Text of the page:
Modern Ireland in 100 Artworks: 1964 – Wolfe Tone, by Edward Delaney

The sculptor’s vision of the Irish revolutionary – jokingly dubbed ‘Tonehenge’ – is a fitting tribute to a perplexing figure as well as the perplexing nation for which Delaney made it

As Ireland became more self-confident in the booming 1960s, the idea of having a distinctive kind of public monument took hold. Especially in the context of the looming 50th anniversary of the Easter Rising, the question of how to commemorate in sculpture the heroes of the nationalist tradition acquired a new resonance.

In 1964 the sculptor Eddie Delaney and the architect Noel Keating won a competition to make the Wolfe Tone monument at the corner of St Stephen’s Green, in Dublin. That year Delaney was selected to make another major public sculpture for the city centre: the Thomas Davis memorial on College Green.

Unveiled in 1967, his statue of Wolfe Tone avoids imitating imperial sculpture. As Delaney put it, he preferred to portray young heroes, "not old fogeys". Equally, it contrasts with the abstract, comparatively bland form of Henry Moore's Standing Figure Knife Edge, the monument to WB Yeats erected elsewhere on St Stephen's Green that year.

Wolfe Tone is an awkward and conflicted figure who unwittingly evokes the lack of resolution in Irish nationalist history. Brian Fallon, The Irish Times's art critic, described it as "a massive, lumpy rough-hewn affair".


Tone stands in isolation in front of Keating’s 1960s-looking framework of granite monoliths, which prompted the nickname Tonehenge. This construction separates it from its companion piece, the Famine Memorial, located just behind the stonework. Here three emaciated figures refer to the ultimate failure of the 1798 Rebellion and Tone’s attempt to liberate Ireland. Delaney said, “This is not a victory monument.” Tone “wanted all Ireland independent and united . . . If Tone had succeeded I doubt if the Famine would have been allowed to happen.”

From a sculptural point of view the Famine trio provides an intimacy and pathos lacking in the public figure of Tone. It also acts out a subtext that undermines the dominant egocentric view of history usually associated with public memorial sculpture.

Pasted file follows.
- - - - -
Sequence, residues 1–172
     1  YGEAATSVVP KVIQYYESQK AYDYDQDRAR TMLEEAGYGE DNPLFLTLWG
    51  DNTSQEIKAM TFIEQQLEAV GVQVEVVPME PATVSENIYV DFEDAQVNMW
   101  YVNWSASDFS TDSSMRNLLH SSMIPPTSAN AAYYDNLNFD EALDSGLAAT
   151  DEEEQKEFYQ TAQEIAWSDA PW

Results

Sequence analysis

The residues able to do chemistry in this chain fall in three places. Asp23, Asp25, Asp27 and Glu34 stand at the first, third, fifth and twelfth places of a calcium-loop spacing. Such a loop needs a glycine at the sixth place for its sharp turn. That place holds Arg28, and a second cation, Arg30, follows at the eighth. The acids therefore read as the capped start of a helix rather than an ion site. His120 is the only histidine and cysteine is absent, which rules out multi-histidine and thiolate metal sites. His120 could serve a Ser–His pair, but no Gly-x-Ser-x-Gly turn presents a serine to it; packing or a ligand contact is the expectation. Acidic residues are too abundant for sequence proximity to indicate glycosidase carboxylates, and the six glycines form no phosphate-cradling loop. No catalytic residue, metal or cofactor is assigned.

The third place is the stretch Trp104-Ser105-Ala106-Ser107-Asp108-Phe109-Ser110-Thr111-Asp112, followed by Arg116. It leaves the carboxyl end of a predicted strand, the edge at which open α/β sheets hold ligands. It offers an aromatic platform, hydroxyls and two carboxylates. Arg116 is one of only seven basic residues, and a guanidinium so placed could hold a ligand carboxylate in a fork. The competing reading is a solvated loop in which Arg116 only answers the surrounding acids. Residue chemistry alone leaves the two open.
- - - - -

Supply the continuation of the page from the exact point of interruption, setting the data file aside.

A similar conflict is evident in the Thomas Davis memorial, which competes with the ascendancy setting, framed by the Bank of Ireland and Trinity College, and with the horrendous traffic of College Green. The rugged handling of the bronze figure of Davis is in sharp contrast to the delicate treatment of John Henry Foley’s nearby Henry Grattan Memorial, from 1876. A fountain flanked by angels that stands in front of the plinth holding Davis goes some way to tempering the elevated scale of the sculpture.

Both Davis and Tone reveal Delaney’s difficulty in reconciling his modernist practice and his perception of history with the classical conventions of commemorative statuary. As well as paying homage to their heroic efforts, the figures’ cumbersome poses acknowledge their subjects’ flawed legacy to Irish history. After all, Davis died aged 30, just as the Famine was taking hold, while Tone expired, tragically, after a failed revolution.

If public engagement with art is any sign of its value, Tone and Davis have proved their worth: the Davis fountain is regularly filled with soap suds, and the dog in the Famine group was stolen in 1968. But the ultimate act of vandalism against Delaney’s public sculpture came when Tone was blown up by loyalist extremists in February 1971. Delaney, who cast the figure of Tone himself, in his foundry in Dún Laoghaire, was able to repair it and have it back in place by November of that year.

The sculpture is ungainly, with the proportions and demeanour of an adolescent. But Delaney’s vision of Tone, like him or not, provides a fitting monument to this perplexing figure – and the equally perplexing nation for which it was made.

You can read more about this week's artwork in the Royal Irish Academy's Dictionary of Irish Biography;

Your favourite work so far

Competition winner

The winner of our summer competition, in which readers were asked to write about their favourite artwork in our series so far, is Elaine Kelly Conroy. She receives a copy of the Royal Irish Academy’s five-volume ‘Art and Architecture of Ireland’. Here’s a short version of her article, about Harry Clarke’s Eve of St Agnes window.

Designed for the Biscuit King, nestled in the return on the stairs of Harold Jacob’s Ailesbury Road home, facing the bedrooms, the Eve of St Agnes blessed sleepers with sweet dreams and thoughts erotic en route to the Land of Nod.

The window is surprisingly small considering the detail it embraces, but its bejewelled colours amplify its presence. Although the two lights are each sectioned into a lunette and 10 panels, the window presents as one stunningly luminous delight. As the viewer is drawn in a story unfolds, bringing John Keats’s poem ‘The Eve of St Agnes’ to life in ways the poet could not have imagined.

Clarke’s genius, which dipped so fluently into the subconscious and drew back long-fingered creatures from a fairy world, has been given full reign. His distinctive superimposing of different colours of glass, and disguising of the lead lines as fronds of seaweed, helped to push the boundaries of what stained glass could achieve.

Harry Clarke is an Irishman to be celebrated